Recommended Reading: Six translators write on the subtle art of translating fiction.
That Kickstarter is offering more opportunities than ever to literary projects, from Coffee House Press’s Catstarter to the Joan Didion documentary to the Reading Rainbow spin-off, is indisputable. Now there’s yet another worthy cause turning to the crowd-sourcing platform in search of an audience: The Riveter, a magazine of longform journalism by women.
Lots of anticipated books hitting shelves today. At the top of the list is Michael Lewis’s look at the recent financial calamity, The Big Short. Also new today, Chang Rae Lee’s The Surrendered, Ron Rash’s story collection Burning Bright, Lionel Shriver’s So Much for That, and James Hynes’ Next, about which we have noted some intriguing Twitter buzz. New in paperback are Victor LaValle’s The Big Machine and Dave Eggers’ The Wild Things.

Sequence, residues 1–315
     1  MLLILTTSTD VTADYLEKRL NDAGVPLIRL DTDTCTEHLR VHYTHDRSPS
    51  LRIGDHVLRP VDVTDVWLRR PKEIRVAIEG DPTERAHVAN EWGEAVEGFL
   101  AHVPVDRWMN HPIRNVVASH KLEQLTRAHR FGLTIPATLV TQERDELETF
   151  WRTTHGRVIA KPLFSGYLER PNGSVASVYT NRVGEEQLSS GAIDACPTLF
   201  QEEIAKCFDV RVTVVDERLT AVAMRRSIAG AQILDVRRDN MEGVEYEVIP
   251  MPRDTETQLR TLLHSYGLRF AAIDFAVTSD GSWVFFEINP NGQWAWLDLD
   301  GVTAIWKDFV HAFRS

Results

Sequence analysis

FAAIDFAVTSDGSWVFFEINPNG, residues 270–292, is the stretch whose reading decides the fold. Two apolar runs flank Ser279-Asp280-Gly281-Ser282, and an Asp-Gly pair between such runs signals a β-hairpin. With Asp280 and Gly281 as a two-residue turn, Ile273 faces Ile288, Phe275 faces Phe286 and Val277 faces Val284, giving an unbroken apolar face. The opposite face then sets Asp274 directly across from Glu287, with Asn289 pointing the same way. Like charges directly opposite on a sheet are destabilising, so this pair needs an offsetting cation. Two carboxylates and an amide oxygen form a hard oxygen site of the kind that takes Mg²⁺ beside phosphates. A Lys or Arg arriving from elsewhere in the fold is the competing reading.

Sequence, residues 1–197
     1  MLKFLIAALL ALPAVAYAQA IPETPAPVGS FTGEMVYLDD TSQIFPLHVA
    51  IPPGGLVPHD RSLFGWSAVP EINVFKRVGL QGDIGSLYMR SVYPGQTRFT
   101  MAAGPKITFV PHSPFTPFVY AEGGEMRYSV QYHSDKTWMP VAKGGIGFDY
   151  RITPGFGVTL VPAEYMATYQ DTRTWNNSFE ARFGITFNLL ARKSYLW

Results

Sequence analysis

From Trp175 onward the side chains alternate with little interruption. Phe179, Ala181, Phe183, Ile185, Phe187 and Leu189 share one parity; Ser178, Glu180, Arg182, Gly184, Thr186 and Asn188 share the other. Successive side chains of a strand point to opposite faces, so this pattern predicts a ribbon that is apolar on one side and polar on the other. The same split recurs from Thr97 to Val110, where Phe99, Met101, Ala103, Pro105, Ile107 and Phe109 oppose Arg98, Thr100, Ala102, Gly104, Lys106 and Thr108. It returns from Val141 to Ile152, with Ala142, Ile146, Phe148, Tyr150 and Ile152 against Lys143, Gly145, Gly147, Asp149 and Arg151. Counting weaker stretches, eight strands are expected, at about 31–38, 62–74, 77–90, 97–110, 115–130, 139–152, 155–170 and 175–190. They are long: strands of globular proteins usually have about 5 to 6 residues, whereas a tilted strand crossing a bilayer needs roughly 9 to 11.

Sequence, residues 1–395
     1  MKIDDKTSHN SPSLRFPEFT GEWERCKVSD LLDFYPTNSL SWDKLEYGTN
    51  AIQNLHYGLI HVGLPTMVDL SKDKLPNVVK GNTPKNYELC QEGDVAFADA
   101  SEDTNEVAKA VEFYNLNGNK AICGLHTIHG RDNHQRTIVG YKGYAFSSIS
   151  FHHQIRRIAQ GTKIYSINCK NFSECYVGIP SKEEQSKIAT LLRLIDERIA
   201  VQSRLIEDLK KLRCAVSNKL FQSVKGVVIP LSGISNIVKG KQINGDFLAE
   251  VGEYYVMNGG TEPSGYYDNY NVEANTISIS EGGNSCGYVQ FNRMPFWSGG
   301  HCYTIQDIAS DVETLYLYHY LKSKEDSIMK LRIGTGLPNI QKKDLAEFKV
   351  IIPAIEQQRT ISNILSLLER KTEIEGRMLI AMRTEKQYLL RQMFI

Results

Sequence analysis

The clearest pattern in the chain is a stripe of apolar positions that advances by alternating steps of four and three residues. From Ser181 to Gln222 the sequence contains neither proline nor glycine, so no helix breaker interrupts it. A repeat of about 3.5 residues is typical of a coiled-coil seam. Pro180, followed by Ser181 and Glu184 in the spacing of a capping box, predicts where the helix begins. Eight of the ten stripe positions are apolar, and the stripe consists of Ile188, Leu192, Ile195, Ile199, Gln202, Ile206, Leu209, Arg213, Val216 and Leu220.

Remember when Little Red Riding Hood was eaten by a hyena? Wait, that’s not the folktale we know. Whether or not Little Red Riding Hood gets eaten depends on where you hear the famous folktale, but anthropologist Jamie Tehrani discovered the origins of the scarlet-hooded girl — Belgium.
Feel like something’s off with a person you follow on Twitter? They could be time travelers from the future. In The Atlantic, Robinson Meyer writes about a new study, conducted by two physicists, that sought to find social media users with an uncanny knowledge of future events. “It’s not crazy, and yet it feels crazy when you think about it,” says The Hidden Reality author and Columbia professor Brian Greene. You could also take a look at our own journey to the early days of literary Twitter.